European Union Will Seek A Ban On Import Of Russian Coal: Reports  

As part of a fresh round of penalties on Russia for its illegal invasion of Ukraine, the European Commission will propose banning Russian coal.

Due to the sensitivity of the discussions, two EU sources told the media on Tuesday that the EU’s executive arm will propose that coal be included in the sanctions.

The EU has found it difficult to impose sanctions on Russia’s energy industry due to the high level of reliance on the country’s energy supplies by several member states.

As part of a fresh round of penalties on Russia for its illegal invasion of Ukraine, the European Commission will propose banning Russian coal.

Two EU officials, who declined to be identified owing to the sensitivity of the discussions, informed the media on Tuesday that the EU’s executive arm will propose that coal be included in the sanctions.

The EU has found it difficult to impose sanctions on Russia’s energy industry due to the high level of reliance on the country’s energy supplies by several member states.

In 2020, the EU imported 19.3 per cent of its coal from Russia, according to figures from the European statistics office.

In the same year, it imported 36.5 per cent of its oil and 41.1 per cent of its natural gas from the country.

However, rising evidence of Russian forces committing war crimes in Ukraine has prompted the panel to recommend that coal be included in its fifth package of penalties on Moscow.

European ambassadors will meet on Wednesday to discuss the fresh set of sanctions. The sanctions will not be approved until after the talks, and the plans may change before the ambassadors meet.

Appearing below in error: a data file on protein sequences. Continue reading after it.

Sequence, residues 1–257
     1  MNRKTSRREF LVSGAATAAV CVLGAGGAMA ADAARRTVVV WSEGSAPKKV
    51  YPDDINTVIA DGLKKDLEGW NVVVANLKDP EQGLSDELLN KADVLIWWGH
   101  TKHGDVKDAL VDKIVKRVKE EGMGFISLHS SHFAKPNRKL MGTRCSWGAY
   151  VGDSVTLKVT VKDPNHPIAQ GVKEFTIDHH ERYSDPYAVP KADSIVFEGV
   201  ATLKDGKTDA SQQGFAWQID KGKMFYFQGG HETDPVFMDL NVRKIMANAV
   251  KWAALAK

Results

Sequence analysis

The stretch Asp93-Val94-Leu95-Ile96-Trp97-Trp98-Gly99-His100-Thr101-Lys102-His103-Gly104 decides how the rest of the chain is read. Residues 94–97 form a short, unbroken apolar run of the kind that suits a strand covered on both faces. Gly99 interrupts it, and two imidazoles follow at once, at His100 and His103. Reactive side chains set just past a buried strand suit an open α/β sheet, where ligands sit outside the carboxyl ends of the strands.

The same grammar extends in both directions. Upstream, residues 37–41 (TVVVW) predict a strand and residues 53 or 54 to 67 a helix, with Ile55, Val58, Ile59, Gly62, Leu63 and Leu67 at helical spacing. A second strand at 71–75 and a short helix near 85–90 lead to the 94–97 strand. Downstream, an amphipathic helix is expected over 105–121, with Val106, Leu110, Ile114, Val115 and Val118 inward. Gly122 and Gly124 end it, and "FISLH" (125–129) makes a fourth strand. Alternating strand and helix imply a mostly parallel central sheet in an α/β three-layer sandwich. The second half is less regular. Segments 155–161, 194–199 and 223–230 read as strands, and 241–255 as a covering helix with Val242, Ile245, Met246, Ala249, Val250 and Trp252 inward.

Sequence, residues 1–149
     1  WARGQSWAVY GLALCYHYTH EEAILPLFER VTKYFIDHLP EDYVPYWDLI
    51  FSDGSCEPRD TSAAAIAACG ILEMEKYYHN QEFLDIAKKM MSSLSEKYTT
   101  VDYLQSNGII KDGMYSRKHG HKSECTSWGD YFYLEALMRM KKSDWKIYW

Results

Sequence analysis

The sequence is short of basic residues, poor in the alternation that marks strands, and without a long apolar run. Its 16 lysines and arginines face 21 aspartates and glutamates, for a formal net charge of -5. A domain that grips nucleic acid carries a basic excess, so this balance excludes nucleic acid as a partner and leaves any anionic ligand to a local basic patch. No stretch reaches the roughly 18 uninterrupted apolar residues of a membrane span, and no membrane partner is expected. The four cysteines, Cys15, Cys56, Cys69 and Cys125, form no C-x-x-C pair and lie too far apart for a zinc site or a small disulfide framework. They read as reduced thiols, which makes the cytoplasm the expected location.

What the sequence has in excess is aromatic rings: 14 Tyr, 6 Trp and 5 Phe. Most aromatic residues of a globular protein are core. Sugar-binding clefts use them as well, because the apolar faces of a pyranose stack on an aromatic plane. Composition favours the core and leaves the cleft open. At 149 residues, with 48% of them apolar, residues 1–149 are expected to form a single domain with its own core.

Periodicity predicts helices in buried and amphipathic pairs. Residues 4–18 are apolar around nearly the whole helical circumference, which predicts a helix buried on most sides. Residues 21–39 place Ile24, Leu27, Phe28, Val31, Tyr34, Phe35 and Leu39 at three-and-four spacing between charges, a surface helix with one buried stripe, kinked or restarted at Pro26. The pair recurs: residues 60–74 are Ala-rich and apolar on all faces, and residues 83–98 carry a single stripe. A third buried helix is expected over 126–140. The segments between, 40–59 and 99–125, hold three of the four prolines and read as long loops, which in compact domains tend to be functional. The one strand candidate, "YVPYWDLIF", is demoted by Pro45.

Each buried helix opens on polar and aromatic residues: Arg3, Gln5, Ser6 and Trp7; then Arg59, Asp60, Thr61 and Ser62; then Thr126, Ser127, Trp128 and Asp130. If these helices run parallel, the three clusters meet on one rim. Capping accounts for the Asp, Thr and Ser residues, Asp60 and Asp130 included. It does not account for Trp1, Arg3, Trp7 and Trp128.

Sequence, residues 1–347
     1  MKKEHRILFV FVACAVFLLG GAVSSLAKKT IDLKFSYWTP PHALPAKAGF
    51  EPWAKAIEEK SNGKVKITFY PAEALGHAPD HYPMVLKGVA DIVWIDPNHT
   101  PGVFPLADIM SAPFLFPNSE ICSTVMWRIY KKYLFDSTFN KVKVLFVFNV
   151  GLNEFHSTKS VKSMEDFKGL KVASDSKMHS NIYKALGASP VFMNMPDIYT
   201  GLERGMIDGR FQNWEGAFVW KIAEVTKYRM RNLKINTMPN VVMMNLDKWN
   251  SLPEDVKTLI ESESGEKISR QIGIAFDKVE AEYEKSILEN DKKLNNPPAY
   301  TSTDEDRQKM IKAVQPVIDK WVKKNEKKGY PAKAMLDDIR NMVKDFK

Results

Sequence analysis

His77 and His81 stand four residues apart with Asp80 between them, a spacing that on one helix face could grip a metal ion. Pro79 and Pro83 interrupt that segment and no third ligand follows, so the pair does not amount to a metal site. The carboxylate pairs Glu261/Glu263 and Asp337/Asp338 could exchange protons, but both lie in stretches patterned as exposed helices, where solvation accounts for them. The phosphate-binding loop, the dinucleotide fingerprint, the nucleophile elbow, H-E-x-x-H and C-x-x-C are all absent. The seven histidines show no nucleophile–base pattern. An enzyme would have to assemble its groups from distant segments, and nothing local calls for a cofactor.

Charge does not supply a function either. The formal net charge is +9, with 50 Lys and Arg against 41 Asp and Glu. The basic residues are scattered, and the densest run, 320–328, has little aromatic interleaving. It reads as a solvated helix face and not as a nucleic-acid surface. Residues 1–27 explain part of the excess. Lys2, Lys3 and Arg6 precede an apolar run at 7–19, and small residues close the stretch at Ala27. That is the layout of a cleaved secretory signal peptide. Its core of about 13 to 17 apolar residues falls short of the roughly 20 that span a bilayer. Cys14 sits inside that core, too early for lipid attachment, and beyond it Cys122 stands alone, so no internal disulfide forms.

Europe is under increasing pressure to attack Russia’s energy industry, especially as energy-importing countries continue to bolster President Vladimir Putin’s war fund with oil and gas revenues on a daily basis.

However, the EU is split on the subject, with some countries supporting a ban on Russian energy imports and others claiming that such a step would harm their economies more than Russia’s.

In the aftermath of accusations of atrocities in communities near Ukraine’s capital Kyiv, France’s President Emmanuel Macron said Monday that the EU should proceed with sanctions against Russian oil and coal.

Germany, on the other hand, appears to be less optimistic about such a move, particularly when it comes to natural gas supply.

“We want to be, [in the] short time, less dependent on Russian energy imports to the European Union and Germany will support further sanctions on Russia,” German Finance Minister Christian Lindner told the media in Luxembourg on Monday.

“We have to put more pressure on Putin and we have to isolate Russia — we have to cut all economic relationships to Russia, but at the moment it is not possible to cut the gas supplies.”

(Adapted from CNBC.com)

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